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Inflammation of the Womb

neck, membrane, body, lining, common, muscular and medical

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This is a very wide term, embracing a variety of diseases known to medical men under special names, and requiring special treatment. It will be sufficient here to indicate the general features which the various forms of the disease have pretty much in common, and the general lines of treatment which can be safely adopted when medical aid is not readily obtainable. If reference be made to p. 619, the distinction will be understood between the body of the womb and the neck of the womb, which latter ends at the month, opening into the passage. Inflammation, then, may attack both the body and neck of the womb, or it may limit itself to one or other. Further, the womb is largely composed of muscle, but, within, it is lined with a mucous membrane, containing glands buried in it and opening on the surface (inner). The inflammation may exist mainly in the muscular walls, or it may be limited to the inner lining membrane. Thus there may be inflammation of the muscular walls of the body of the womb, or inflammation of the lining membrane of the body of the womb, and there may be inflammation of the muscular walla of the neck of the womb, or inflammation of the lining membrane of the neck of the womb.

Here are,. then, four varieties of inflamma tion. Moreover, in each of these four cases the inflammation may be acute or chronic, and so there may be eight forms of inflammation of the womb. The symptoms, while presenting similar general features, will vary somewhat with each separate condition, and the treat ment, to be thorough, ought also to vary some• what to suit the particular case. The extreme advisability, therefore, of anyone suffering from any of the symptoms of disorder of the womb, consulting a skilled medical man, ought to be sufficiently plain.

Happily the inflammation of the muscular walls, whether of body or neck of the womb, may be dismissed with the remark that it is comparatively rare.

Inflammation of the Lining Membrane of the Neck of the Womb.—The common form of uterine inflammation, and it is, in its chronic form, extremely common, is inflam mation of the lining membrane of the neck of the womb, and to that attention shall be con fined, note being taken, in the course of its description, of any symptom indicating that the inflammation has spread upwards to the lining membrane of the body of the womb.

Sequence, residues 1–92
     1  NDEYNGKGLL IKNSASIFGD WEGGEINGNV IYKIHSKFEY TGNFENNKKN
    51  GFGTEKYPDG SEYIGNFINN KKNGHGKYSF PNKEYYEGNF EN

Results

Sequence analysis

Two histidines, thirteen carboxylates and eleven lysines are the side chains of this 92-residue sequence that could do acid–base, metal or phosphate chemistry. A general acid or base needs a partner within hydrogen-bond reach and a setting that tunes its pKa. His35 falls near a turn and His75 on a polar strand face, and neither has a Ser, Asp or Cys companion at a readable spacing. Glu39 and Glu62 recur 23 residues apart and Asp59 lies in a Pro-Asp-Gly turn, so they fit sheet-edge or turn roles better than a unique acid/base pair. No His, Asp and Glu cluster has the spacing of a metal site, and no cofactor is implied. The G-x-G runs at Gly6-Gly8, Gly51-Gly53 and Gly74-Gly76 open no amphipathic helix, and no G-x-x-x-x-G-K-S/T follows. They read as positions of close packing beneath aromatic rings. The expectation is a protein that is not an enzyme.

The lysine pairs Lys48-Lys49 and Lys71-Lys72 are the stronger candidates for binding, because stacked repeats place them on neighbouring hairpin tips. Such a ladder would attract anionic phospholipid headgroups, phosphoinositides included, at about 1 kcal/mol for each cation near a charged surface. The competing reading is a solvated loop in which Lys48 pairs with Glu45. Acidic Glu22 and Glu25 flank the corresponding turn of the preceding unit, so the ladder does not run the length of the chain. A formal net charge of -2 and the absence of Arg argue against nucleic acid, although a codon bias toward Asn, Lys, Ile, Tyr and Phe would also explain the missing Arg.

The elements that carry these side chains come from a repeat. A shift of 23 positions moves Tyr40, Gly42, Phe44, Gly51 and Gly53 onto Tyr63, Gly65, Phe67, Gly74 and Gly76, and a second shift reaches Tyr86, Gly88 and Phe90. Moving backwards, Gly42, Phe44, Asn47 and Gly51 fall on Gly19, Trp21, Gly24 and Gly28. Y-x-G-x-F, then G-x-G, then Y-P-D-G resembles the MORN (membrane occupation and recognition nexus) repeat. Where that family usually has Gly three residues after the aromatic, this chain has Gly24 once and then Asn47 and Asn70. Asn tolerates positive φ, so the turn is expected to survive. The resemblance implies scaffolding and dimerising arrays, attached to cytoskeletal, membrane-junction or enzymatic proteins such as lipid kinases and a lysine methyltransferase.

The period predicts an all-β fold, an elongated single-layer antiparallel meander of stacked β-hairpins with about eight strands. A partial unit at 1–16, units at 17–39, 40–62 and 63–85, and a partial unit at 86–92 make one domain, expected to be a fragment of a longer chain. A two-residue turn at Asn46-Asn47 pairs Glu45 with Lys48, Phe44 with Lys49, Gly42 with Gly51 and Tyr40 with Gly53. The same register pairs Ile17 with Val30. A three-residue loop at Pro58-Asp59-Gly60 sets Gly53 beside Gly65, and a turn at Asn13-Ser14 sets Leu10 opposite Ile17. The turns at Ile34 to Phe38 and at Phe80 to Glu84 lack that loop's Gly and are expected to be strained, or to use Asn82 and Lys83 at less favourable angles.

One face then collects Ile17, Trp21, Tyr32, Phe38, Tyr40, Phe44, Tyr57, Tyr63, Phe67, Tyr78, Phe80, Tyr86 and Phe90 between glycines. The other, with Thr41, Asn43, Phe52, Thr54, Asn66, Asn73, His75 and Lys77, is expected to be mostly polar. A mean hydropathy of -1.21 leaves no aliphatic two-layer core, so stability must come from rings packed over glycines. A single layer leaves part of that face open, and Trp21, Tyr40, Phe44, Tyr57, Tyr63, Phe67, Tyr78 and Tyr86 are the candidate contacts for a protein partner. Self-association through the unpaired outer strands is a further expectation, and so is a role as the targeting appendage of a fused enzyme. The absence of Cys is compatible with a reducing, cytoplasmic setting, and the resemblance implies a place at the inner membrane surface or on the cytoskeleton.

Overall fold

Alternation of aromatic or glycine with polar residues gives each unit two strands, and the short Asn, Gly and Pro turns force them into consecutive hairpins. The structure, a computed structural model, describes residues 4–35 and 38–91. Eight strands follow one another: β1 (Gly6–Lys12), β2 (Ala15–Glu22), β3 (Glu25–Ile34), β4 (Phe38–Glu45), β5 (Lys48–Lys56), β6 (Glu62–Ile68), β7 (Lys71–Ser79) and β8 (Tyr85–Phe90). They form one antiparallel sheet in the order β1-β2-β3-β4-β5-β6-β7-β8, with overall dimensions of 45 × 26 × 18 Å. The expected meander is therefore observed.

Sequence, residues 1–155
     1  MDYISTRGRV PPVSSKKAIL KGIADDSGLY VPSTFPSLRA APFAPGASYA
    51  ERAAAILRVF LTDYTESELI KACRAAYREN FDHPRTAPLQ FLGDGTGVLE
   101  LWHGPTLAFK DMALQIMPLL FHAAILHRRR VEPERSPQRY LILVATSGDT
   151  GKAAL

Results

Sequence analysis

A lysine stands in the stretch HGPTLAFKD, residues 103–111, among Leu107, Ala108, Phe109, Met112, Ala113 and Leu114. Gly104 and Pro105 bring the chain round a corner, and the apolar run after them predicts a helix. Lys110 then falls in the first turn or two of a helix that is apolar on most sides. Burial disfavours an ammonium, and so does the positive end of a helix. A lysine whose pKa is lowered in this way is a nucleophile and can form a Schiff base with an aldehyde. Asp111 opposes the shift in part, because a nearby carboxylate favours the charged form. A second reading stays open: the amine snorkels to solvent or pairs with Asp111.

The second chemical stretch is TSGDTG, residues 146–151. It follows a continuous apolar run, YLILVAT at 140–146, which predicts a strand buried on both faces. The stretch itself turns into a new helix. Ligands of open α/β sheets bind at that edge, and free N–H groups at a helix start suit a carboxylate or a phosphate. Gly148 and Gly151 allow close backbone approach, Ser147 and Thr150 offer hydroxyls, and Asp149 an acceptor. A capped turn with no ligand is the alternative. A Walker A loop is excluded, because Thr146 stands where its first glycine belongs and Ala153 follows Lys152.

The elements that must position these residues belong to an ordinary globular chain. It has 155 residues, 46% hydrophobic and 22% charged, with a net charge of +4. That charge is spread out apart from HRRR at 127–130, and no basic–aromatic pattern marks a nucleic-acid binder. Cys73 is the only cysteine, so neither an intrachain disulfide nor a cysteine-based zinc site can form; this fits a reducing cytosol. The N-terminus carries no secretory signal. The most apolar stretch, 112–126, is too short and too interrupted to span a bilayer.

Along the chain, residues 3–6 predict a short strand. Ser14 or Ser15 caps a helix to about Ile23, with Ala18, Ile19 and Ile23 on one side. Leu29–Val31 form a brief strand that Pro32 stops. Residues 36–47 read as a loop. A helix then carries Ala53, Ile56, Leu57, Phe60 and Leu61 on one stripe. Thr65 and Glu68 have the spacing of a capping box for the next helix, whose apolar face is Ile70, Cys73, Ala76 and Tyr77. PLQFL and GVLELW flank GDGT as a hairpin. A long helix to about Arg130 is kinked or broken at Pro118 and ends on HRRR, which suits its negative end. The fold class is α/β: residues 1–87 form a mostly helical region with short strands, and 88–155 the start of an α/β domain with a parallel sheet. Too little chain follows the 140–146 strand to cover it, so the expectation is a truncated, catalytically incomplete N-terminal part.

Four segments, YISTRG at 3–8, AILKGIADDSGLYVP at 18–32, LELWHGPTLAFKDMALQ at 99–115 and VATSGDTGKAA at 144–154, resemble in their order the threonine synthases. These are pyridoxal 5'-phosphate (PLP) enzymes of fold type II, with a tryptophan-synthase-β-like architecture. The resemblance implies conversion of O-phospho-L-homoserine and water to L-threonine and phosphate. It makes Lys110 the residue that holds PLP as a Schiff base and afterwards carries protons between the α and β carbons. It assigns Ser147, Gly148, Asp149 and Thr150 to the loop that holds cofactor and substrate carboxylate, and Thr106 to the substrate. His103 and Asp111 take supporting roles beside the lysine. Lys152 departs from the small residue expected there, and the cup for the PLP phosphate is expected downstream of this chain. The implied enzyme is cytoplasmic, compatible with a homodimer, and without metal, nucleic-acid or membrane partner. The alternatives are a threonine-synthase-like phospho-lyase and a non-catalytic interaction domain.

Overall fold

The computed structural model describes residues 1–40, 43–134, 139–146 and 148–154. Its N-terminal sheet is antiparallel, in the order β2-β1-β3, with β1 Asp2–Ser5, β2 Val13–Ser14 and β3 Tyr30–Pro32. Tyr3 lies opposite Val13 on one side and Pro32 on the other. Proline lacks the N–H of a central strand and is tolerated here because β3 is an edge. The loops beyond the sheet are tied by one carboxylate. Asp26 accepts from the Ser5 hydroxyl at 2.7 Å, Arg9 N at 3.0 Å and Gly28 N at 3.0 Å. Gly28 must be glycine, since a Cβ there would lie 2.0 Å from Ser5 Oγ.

Symptoms.—The common symptoms of in flammation of the lining membrane of the neck of the womb, when not of an acute form, are profuse discharge of whites, some amount of pain in the small of the back, worse with standing or walking and increased at the monthly periods, and a sense of indifferent general health. If the disorder has lasted for a considerable time the patient will of neces sity suffer from general debility to a greater or less extent, and will be paler than is consistent with health. Her digestion is almost certainly disturbed, and she may suffer from depression or nervousness, and a variety of pains and aches, now in one part of the body and now in another. The bowels are probably confined, and the urine is dark and thick. The dis charge that appears externally may be glairy and clear, like white of egg before being boiled, or may be white or yellowish matter.

If the attack be acute there are pain and tenderness in the parts, throbbing with a feel ing of bearing down, irritation of the bladder and frequent desire to pass water, and the discharge is often tinged with blood and of an offensive smell.

It is to be noted, however, that inflammation may exist for some time without pain, or any other symptom, except that of a profuse dis charge of "whites." Causes of the disease are numerous. Ex posure to damp and cold, especially in those of feeble health, insufficiently nourished, and who fail to obtain sufficient exercise and fresh air, the irritation of a displaced womb, or instru ments introduced into the passage to restore a displaced womb to its proper condition, the frequent use of irritating injections, and various other causes may produce it. It is excessively common in married women who have borne children, and too prolonged nursing may with them excite its occurrence. Nor must excessive intercourse and direct infection be omitted in the list of causes.

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